Monday, December 26, 2016

8.  Practical Responsibility

In summary, personal responsibilitiy for choices derives from the cognitive nature of choices, where acquiring knowledge has random qualities by nature, necessitated by the logic of thought itself, rendering mental activity an originating cause in the practical sense.  Failing to acknowledge this responsibility degrades goal directed action in complex matters of society and personal performance.  Accordingly this responsibility is long recognized in culture and promoted  to allow the human level of mental function, besides being supported by automatic emotional responses.  Nothing incompatible with deterministic fate is entailed.  This pragmatic account of compatibility can be compared with other treatments found in philosophy.  Hopefully some additional detail enhancing understanding has been provided.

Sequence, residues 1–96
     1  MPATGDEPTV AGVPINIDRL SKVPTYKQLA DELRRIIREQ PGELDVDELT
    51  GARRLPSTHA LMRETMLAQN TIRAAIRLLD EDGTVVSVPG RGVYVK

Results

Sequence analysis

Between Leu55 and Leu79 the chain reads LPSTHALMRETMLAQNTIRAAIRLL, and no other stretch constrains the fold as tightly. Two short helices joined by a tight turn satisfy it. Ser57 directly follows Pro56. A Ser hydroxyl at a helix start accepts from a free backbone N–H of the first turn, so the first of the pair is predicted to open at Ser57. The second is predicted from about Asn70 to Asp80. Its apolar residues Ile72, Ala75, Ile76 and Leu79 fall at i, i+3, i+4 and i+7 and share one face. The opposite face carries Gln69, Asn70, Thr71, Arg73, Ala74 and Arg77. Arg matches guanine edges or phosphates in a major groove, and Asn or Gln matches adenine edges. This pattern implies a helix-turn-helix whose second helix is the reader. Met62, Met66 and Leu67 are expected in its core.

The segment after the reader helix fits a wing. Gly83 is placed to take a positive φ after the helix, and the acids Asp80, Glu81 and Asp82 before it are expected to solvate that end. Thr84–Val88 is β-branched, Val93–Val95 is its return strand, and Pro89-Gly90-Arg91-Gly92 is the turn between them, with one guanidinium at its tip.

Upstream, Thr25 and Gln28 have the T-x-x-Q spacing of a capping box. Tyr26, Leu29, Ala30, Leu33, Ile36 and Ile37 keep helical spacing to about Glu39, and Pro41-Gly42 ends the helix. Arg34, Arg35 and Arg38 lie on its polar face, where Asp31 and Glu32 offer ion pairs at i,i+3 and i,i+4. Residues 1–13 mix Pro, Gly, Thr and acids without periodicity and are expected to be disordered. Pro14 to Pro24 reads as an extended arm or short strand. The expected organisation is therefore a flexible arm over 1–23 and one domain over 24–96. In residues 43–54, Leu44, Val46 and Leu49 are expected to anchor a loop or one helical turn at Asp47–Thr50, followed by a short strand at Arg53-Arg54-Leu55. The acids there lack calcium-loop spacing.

Alexander, Amir.  Infinesimal: How A Dangerous Mathematical Theory Shaped The Modern World. NY: Scientific American, 2014.
Ayer, A.J.  Philosophical Essays. London: Macmillan & Co., 1963.
Burke, James. Connections.  NY: Simon & Shuster, 2007.
Dennet, Daniel.  Elbow Room: The Varieties of Free Will Worth Wanting. MIT Press, 1984.
---- Darwin's Dangerous Idea: Evolution and the Meanings in Life.  NY: Touchstone, 1995.
---- Freedom Evolves. NY: Penguin, 2003.
Doyle, Bob. Free Will: The Scandal in Philosophy. The Information Philosopher, 2011. Also online at
Fischer, John. "Compatibilism." In: Four Views on Free Will.  Oxford: Blackwell Publishing, 2007.
---- Metaphysics of Free Will.  Oxford: Blackwell Publishing, 1994.
Hobart, R.E.  1934. "Free Will As Involving Determinism and Inconceivable Without It".
  Reprinted in Berofsky, B. Ed. Free Will and Determinism.   NY: Harper & Row, 1966.
Wolfram, Stephen. A New Kind of Science. Stephen Wolfram, LLC, 2002.

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